If ever there was someone who sashayed to a different drummer, it was Taylor. He was born in Grosse Point, a child of wealthy parents. He referred to his private school education as "brainwashing for the bourgeoisie". Back in the day he lived in a tiny cramped apartment on Ludlow Street and was known in all the worst places. You might stumble upon him reading his poetry at some dive, or you might find him feeding cats in cemeteries. He was often described as the first underground movie star. He was involved in the San Francisco Beat Poet scene, when a filmmaker saw him shouting his poetry over a crowd of drunks in a bar. The filmmaker, Ron Rice, started following Taylor around, filming him with a hand held 16mm camera. The result was "The Flower Thief" (1960), in which Taylor played a befuddled and wide eyed mystic who wandered around San Francisco carrying his three most precious possessions - a teddy bear, a flag, and a stolen gardenia. In other words, he played himself.
He moved to New York City because he thought it would be easy to be anonymous there. But Taylor wasn't the kind of guy who could be anonymous for long (he tended to attract attention) and was soon asked to be in a play by poet Frank O'Hara. He won an Obie. As a regular on the fringes of the Lower East side arty scene, he became involved with Andy Warhol and the gang at the Factory. He played Tarzan in one of Warhol's first movies; as he climbed around in the trees his loincloth kept falling off, leading one critic to complain of the film's featuring two hours of Taylor's derriere. Warhol wrote a letter to the Village Voice noting that no such footage existed, but that he would try to rectify the situation - he made an hour long film called (ahem, my more gentle readers may wish to avert their eyes) "Taylor Mead's Ass".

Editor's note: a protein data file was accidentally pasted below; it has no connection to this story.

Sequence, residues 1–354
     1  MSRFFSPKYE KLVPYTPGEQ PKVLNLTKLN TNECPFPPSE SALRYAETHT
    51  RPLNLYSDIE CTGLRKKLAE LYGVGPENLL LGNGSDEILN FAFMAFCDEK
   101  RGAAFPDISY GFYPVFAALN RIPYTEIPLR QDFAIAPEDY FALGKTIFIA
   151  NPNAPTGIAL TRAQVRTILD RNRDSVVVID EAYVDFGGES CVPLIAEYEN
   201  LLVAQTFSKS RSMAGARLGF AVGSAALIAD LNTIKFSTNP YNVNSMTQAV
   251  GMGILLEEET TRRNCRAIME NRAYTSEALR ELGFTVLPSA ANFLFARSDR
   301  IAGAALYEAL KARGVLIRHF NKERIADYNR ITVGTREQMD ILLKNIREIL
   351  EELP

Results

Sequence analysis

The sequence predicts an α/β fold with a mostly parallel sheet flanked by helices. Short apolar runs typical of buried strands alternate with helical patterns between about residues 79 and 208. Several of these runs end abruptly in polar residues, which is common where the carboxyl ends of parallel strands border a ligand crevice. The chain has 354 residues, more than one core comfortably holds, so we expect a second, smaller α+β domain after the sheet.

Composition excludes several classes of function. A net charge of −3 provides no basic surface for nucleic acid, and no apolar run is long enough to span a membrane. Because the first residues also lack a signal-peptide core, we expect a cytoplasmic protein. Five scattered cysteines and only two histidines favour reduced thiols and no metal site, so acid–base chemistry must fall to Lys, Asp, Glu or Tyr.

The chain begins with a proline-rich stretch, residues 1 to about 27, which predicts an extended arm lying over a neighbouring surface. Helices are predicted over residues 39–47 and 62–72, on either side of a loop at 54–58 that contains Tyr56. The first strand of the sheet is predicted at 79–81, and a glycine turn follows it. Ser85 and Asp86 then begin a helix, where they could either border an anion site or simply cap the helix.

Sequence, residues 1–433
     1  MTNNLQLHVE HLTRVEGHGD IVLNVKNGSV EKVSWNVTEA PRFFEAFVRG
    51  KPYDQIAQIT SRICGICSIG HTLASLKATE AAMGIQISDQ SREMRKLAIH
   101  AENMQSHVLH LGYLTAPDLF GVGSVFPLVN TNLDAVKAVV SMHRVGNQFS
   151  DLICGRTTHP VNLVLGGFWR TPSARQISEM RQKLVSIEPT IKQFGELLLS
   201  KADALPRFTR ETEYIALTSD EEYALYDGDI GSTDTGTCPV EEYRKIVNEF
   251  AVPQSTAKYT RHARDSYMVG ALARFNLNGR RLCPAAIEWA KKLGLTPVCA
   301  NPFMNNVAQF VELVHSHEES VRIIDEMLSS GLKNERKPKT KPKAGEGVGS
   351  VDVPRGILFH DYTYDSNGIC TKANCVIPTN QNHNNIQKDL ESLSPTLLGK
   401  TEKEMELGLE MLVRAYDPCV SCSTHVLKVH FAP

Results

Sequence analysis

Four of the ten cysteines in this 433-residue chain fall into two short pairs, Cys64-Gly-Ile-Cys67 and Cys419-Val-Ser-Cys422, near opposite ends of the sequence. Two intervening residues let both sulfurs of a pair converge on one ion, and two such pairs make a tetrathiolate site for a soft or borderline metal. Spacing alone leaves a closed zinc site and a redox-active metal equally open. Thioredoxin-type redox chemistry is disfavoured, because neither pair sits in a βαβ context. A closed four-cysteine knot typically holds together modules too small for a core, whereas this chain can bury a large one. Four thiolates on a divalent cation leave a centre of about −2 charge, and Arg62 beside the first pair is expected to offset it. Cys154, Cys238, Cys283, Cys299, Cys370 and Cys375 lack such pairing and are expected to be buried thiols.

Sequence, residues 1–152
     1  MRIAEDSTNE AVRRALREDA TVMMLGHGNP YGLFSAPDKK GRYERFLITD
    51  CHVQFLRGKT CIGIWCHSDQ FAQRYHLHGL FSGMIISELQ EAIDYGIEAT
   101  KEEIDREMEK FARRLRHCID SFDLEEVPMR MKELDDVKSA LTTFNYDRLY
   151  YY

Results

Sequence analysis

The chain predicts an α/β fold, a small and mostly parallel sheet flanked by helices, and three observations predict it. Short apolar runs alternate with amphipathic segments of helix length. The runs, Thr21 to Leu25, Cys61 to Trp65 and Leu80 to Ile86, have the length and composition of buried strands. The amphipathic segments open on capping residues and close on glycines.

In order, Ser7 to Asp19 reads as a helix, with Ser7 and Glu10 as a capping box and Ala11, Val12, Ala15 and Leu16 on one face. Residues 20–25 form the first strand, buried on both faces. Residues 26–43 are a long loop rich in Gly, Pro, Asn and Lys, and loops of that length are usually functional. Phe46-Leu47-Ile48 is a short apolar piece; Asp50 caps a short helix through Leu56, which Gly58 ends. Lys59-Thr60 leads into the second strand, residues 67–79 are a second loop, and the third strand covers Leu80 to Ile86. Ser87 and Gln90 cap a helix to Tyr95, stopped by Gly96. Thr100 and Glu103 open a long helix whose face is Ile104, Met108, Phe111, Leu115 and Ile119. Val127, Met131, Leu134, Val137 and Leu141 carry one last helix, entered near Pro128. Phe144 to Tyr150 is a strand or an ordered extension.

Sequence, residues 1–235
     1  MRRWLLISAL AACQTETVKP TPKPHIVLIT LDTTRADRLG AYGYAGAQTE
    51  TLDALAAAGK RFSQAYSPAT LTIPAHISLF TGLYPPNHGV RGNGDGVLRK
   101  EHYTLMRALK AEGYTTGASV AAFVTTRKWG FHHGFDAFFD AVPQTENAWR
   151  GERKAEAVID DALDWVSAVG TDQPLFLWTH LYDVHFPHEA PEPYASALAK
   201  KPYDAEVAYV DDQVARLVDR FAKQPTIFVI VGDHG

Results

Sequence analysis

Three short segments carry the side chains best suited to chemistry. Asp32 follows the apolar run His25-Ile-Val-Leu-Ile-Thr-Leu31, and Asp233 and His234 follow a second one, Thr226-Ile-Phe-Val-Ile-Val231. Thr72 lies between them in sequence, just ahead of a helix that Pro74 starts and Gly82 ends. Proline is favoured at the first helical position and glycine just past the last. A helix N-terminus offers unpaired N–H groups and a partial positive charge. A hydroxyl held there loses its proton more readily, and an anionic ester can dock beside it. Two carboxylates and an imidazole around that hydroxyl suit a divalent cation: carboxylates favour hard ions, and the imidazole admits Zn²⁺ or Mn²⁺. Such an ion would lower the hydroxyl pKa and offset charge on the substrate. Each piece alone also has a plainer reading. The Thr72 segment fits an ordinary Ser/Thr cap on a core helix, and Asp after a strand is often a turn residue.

|Dennis Hooper and Taylor Mead in "Tarzan and Jane Regained... Sort Of" |
a film by Andy Warhol (1963)
For the last several years, Taylor had been in a fight with realtors who were trying to force him out of his long time (and rent controlled) apartment so they could convert it to a high priced market rental. He'd just made a settlement with them and was visiting a niece in Colorado when he passed. He was 88. I want to write "Rest in Peace", but he wouldn't do that. If there is an afterlife, I suspect he'll be busy writing poetry and being very, very, deliciously naughty.
(Bill Rice and Taylor Mead in a scene from Jim Jarmusch's "Coffee and Cigarettes".)